…Since Dec. 3, when seafood inspectors in China suspended imports of West Coast geoduck and other bivalve shellfish such as oysters after reporting high levels of algae toxin or arsenic, harvesters along tribal, state and private shorelines have all been hit. Altogether, the state produces more than 6 million pounds of geoduck clams annually, and last year almost 90 percent was sold to China…..Coral Garrick reports.

http://seattletimes.com/html/businesstechnology/2022516734_geoduckxml.html

See also: 4 Weeks In, Locals Feel Pain Of China’s Shellfish Ban http://ijpr.org/post/4-weeks-locals-feel-pain-china-s-shellfish-ban

Geoduck industry fighting China’s shellfish-import ban – Seattle Times

Washington geoduck harvesters and government officials, including Gov. Jay Inslee, are scrambling to overturn China’s decision to ban some shellfish exports from the Pacific Northwest. The ban has brought the geoduck industry here to a virtual halt. Jay Greene reports.

http://seattletimes.com/html/businesstechnology/2022464264_shellfishbanxml.html

China Imposes First-Ever West Coast Shellfish Ban – KCTS9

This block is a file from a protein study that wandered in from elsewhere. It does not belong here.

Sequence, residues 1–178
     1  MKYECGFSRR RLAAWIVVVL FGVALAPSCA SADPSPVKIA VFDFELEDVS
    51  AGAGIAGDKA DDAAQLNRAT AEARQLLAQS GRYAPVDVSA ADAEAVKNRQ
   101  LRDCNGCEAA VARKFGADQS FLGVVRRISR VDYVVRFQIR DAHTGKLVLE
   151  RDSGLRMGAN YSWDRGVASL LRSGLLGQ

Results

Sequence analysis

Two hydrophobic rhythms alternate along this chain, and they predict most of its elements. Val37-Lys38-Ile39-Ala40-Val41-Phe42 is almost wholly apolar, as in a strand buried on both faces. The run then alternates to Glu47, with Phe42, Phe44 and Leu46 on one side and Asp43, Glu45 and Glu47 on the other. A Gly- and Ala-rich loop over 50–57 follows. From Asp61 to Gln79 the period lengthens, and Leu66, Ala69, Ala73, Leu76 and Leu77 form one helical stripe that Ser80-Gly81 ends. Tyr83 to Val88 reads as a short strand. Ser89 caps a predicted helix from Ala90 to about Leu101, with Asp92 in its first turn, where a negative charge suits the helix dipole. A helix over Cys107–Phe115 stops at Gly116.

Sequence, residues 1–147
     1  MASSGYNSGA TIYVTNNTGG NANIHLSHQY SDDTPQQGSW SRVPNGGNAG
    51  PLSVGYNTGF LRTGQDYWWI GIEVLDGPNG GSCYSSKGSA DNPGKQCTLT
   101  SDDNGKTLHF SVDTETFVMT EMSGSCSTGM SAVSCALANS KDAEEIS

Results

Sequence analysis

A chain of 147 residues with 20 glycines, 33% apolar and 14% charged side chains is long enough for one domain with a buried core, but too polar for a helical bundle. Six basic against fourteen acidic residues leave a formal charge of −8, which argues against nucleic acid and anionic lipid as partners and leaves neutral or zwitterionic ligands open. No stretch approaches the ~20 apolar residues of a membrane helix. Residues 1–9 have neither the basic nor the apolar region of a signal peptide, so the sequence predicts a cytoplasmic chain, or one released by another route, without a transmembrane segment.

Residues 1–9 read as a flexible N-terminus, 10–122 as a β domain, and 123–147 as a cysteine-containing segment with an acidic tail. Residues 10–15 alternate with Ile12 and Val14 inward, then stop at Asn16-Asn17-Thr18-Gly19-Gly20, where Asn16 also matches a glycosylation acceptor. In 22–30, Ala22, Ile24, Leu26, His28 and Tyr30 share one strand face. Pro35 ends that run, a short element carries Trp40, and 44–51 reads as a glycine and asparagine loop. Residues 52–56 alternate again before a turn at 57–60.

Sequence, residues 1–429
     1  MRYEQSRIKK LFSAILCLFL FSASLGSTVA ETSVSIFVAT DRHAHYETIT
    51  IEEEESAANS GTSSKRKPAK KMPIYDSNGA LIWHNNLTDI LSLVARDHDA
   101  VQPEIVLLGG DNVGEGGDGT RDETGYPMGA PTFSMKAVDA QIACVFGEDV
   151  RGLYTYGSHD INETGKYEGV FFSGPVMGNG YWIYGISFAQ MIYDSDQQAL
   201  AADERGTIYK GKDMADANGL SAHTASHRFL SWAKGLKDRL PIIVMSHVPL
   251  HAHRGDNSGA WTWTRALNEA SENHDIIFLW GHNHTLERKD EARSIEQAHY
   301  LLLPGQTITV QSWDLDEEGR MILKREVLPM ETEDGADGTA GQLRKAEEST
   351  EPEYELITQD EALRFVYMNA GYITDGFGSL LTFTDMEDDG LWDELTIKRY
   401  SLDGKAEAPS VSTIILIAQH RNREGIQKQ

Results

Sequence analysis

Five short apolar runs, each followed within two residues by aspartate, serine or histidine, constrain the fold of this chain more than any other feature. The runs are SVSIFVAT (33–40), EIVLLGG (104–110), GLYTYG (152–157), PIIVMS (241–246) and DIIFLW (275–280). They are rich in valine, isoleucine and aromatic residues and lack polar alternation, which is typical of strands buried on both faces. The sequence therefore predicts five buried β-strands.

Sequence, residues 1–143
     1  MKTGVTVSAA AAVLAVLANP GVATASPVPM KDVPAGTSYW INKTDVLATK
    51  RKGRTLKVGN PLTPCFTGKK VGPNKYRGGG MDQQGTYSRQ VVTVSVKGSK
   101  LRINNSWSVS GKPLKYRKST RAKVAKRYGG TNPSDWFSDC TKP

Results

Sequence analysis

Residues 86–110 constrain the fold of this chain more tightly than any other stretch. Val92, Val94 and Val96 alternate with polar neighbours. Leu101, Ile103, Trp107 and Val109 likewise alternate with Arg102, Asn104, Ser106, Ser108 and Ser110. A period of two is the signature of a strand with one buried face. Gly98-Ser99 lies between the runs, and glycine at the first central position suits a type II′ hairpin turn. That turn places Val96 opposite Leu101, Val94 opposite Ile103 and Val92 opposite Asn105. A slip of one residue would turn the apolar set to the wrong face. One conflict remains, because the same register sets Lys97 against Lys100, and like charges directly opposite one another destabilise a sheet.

Huge news just in…this seriously effects many jobs and businesses, both tribal and non tribal, on the Olympic Peninsula.  

China has suspended imports of shellfish from the west coast of the United States — an unprecedented move that cuts off a $270 million Northwest industry from its biggest export market. China said it decided to impose the ban after recent shipments of geoduck clams from Northwest waters were found by its own government inspectors to have high levels of arsenic and a toxin that causes paralytic shellfish poisoning. The restriction took effect last week and China’s government says it will continue indefinitely. It applies to clams, oysters and all other two-shelled bivalves harvested from the waters of Washington, Oregon, Alaska and Northern California. U.S. officials think the contaminated clams were harvested in Washington or Alaska. Right now they’re waiting to hear back from Chinese officials for more details that will help them identify the exact source. Katie Campbell, Ashley Ahearn and Tony Schick report.

http://earthfix.kcts9.org/flora-and-fauna/article/china-imposes-first-ever-ban-on-nw-shellfish/

Scientific Study Shows Effects of Geoduck Farming on Beaches